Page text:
Visual Concepts for Denver ’24 Reflect Local Culture, History

Work trips are often so tightly scheduled that little time is left to explore anything past the confines of hotel walls. But immersing yourself in local community is a valuable part of any conference experience, and that’s why ACUI is infusing cultural and historical elements of Denver into all aspects of ACUI ’24 — right down to the visual concepts.

“Being intentional about the locale of the conferences is important because, yes, we’re networking and we’re learning things, but to be ingrained in the culture of the city you’re in is super important,” said ACUI conference program team member Clayton J. Kolb, Ed.D., director of the Sykes Student Union and Student Activities at West Chester University, and the marketing chair for the program team. “I know it’s super important to me.”

Kolb said the Denver flag — visible on street signs throughout the city — served as inspiration for the graphics that will surround the event. The flag’s simple yet distinctive design features red mountain formations topped by a snowy peak, set against the backdrop of a blue sky and radiant yellow sun.

The high school student who designed the Denver flag in 1926 used red to represent the soil and rocks from which Colorado gained its Spanish-origin name, meaning “colored red.” The yellow circle symbolizes the sun and the Gold Rush; the blue represents the Mile-High City’s breathtaking skies; and the zigzag represents snow caps and the state’s indigenous history. (The territory currently known as Denver originally belonged to the Arapaho tribe; other indigenous tribes native to Colorado include the Apache, Comanche, Shoshone, and Ute.)

“We were originally contemplating a look that was more ‘green,’ both color- and sustainability-wise; however, having a color palette tied to the flag and the meanings behind it spoke to us,” said conference program team chair Eve Esch, executive director, student centers, at the University of Houston. “We also are hoping to weave some of the narratives of indigenous populations of the area into the educational content of our conference.”

The Conference Planning Team, with the help of Andrea Langeveld at ACUI’s Central Office, took to the books to incorporate meaningful indigenous imagery into the conference visuals, including the zigzag pattern, which is used frequently in Native American culture.

Their research revealed the pattern takes on many meanings, including navigating sharp turns while moving forward along the path of our lives, facing forces from above and within, with many separate journeys along the way. Indigenous cultures have also used the zigzag to symbolize connections between Mother Earth and Father Sky and between the spiritual and mortal worlds. In another interpretation, the symbol may signify an unpredictable and abrupt transformation similar to lightning during a rainstorm.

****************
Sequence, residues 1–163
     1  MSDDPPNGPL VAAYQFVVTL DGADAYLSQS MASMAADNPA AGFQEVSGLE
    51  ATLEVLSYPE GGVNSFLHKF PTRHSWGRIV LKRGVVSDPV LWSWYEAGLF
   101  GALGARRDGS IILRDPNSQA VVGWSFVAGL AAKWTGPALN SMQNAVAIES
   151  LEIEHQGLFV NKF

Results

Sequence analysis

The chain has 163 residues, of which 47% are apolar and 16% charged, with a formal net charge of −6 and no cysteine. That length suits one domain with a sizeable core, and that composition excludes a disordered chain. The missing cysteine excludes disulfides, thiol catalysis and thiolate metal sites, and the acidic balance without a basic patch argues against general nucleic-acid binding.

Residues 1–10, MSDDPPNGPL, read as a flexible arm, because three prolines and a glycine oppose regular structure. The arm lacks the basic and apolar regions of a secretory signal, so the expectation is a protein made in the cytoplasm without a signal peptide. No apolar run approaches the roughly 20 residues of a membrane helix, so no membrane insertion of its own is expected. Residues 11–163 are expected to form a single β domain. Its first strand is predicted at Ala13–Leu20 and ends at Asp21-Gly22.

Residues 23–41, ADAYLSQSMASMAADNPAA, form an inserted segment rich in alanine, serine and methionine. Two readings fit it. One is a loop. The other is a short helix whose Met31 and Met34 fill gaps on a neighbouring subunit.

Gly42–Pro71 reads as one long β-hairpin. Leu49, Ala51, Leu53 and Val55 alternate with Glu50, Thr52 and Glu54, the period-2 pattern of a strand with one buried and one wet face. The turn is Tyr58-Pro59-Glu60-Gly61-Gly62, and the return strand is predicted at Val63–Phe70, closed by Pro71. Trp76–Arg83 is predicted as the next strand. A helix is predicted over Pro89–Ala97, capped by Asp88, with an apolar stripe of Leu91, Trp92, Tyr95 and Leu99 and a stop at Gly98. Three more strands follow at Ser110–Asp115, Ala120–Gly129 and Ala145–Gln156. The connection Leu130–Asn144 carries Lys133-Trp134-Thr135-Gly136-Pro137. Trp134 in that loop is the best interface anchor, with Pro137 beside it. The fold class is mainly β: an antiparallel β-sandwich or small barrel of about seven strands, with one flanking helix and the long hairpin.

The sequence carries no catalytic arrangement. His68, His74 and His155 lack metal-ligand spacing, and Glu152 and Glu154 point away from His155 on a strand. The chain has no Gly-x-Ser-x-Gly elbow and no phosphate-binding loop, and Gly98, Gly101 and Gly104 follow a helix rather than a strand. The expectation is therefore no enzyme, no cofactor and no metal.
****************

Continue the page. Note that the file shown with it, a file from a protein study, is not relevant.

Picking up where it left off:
Through these meanings and more, the visuals for the 2024 Annual Conference mirror the opportunity ahead — one to unite with a compassionate community of peers intertwined with the work you do to refresh, uplift, and connect with one another. The imagery you will see repeated throughout the event serves as a reminder of this overarching mission.

“From my lens as a marketing communications person for this team, I know that creating consistency enhances the experience for the end user coming to the conference,” Kolb said. “But our hope is that we continue to educate people on these concepts [such as the large population of indigenous folks in Colorado] and bring those voices forward throughout the conference experience — not just in the design — even if we may not know exactly what that looks like yet.”

For now, ACUI 2024 attendees can plan on ample opportunity to explore the natural and historical elements of the Centennial State with several scheduled excursions. For example, on Sunday, March 24, 2024, attendees may visit the History Colorado Center from 10 a.m. until noon to explore more than 15 exhibits telling the story of Colorado, including its indigenous homelands. For more information about conference events and the inspiration for the conference graphics, visit


  • Christine Preusler

    Christine Preusler, Managing Editor at The Wyman Company in Gainesville, Florida, writes The Lead for ACUI's biweekly newsletter, The Bulletin. Christine uses more than 15 years of experience in publication management and a master’s in mass communications from the University of Florida to highlight the latest industry news and create thought-provoking content. Contact her via email ( with story ideas and announcements you'd like to see in the newsletter.

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